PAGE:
• HUD, the U.S. Census Bureau and FEMA have released the 2017 American Housing Survey, which shows that renters are three times more likely to need financial assistance to evacuate during a major disaster than home owners. The survey points out that 39 percent of nearly 44 million renter households and 12 percent of 77.3 million owner households reported that they do not have access to $2,000 to cover evacuation expenses. HUD Deputy Secretary Pamela Hughes Patenaude notes that the agency has collaborated with FEMA to add disaster preparedness questions to the 2017 Survey to “better understand the challenges that households face as they prepare for and respond to disasters.” (HUD, September 6)
  • Today HUD awarded more than $12 million to 13 tribes and tribal agencies to help them make affordable housing safer and healthier. Granted through HUD’s Healthy Homes program, these grants will help address health and safety hazards in 1,300 affordable homes. (HUD, September 7) HUD has also awarded $18 million to 20 public housing agencies to help them identify and eliminate lead-based paint hazards in their developments. Awarded through the HUD's Lead-Based Paint Capital Fund program, these grants will be used to ensure public housing developments that were tested and abated over twenty years ago remain lead-free. (HUD, September 5) 

In Case You Missed It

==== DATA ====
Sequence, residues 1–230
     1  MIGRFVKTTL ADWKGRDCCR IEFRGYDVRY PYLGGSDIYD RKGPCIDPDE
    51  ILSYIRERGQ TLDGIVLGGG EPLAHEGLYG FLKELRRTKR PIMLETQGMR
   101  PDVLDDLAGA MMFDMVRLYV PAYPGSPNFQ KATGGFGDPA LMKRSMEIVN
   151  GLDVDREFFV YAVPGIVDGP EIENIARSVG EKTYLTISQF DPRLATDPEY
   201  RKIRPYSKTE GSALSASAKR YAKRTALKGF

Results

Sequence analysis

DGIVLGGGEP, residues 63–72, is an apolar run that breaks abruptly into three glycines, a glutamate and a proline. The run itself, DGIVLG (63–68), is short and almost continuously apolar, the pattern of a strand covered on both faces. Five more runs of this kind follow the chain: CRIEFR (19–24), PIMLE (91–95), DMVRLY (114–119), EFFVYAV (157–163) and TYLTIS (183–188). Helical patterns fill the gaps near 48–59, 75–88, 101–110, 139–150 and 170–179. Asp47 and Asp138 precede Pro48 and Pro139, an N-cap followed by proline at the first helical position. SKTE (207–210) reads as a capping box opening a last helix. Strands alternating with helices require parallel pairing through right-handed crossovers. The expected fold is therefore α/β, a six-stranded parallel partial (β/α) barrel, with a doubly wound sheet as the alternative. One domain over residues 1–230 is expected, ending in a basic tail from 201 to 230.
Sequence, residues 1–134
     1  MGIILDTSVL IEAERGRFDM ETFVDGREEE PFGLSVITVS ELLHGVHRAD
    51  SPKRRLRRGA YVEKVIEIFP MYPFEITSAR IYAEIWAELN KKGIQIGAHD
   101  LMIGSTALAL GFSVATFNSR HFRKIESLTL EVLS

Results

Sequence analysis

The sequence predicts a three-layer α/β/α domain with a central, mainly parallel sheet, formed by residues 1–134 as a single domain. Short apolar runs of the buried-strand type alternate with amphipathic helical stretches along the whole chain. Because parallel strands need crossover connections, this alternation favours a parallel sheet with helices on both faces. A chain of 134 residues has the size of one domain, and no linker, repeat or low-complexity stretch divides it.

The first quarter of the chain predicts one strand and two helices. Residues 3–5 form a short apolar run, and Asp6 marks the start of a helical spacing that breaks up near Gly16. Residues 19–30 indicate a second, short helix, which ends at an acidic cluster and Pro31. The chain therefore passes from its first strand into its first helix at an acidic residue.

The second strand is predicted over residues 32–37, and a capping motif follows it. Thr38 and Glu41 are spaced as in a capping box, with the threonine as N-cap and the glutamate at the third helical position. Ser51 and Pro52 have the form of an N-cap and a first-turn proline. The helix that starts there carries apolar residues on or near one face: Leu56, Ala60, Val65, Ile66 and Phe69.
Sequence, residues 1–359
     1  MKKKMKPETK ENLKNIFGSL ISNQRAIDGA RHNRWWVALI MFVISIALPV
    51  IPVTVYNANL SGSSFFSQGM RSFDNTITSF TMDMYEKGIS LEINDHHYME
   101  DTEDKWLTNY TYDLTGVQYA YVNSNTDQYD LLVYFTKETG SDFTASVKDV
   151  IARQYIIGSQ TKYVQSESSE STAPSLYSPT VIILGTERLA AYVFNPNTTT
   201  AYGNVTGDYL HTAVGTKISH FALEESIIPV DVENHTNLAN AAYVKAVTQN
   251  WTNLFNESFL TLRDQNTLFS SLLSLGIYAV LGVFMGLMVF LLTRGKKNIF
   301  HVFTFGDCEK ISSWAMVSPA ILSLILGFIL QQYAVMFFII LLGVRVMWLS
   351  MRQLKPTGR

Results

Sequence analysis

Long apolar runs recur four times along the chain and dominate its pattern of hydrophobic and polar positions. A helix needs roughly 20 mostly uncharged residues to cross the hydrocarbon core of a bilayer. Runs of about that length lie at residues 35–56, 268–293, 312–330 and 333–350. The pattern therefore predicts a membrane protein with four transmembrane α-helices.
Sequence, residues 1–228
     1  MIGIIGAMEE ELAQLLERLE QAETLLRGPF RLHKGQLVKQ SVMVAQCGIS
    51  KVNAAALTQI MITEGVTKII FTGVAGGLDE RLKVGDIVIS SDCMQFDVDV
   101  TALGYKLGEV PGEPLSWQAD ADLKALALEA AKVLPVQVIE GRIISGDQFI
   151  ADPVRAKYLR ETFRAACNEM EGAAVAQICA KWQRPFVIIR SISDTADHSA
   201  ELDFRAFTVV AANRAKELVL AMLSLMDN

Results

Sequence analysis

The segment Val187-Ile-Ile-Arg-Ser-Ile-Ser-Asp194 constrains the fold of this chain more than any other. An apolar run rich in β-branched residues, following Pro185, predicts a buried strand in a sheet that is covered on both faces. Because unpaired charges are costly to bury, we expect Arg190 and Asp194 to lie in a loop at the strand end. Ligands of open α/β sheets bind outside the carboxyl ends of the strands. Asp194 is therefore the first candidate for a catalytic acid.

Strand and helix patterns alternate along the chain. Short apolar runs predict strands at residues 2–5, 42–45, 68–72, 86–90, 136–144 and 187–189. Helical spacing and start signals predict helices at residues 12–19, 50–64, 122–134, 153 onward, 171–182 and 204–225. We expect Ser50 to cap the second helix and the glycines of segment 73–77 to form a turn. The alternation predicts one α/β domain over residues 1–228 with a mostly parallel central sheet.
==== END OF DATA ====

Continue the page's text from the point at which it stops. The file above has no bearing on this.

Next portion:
• In a blog post, Enterprise’s Vice President for Policy Development Andrew Jakabovics examines the latest bipartisan housing finance reform effort. On the tenth anniversary of Fannie Mae and Freddie Mac’s (collectively, the Government Sponsored Enterprises or GSEs) conservatorships, House Financial Services Chairman Jeb Hensarling (R-Texas) and Rep. John Delaney (D-Maryland) have introduced a bill to resolve the status of the GSEs and move towards a system intended to reduce systemic and taxpayer risk by mandating private capital serve as a buffer in front of an explicit, paid-for government guarantee of principal and interest to investors in mortgage-backed securities (MBS). This legislation would dramatically expand the role of Ginnie Mae in the secondary market by establishing “Ginnie Mae Plus” and authorizing it to guarantee MBS issued by private entities, with the critical stipulation that private capital “credit enhance” the loans – that is, serve as a buffer to absorb losses before Ginnie Mae’s reserves would be touched. Enterprise has signed on to an open letter that urges the Administration and Congress to ensure that any housing finance reform effort locks in recent reforms to the GSEs and completes the necessary additional changes to protect taxpayers as well as serves the entire market of renters and qualified homebuyers. We previously released a white paper with policy recommendations for housing finance reform, including ensuring stable access to affordable single-family and multifamily credit for all eligible borrowers and expanding support for rental housing that is affordable to low- and moderate-income households.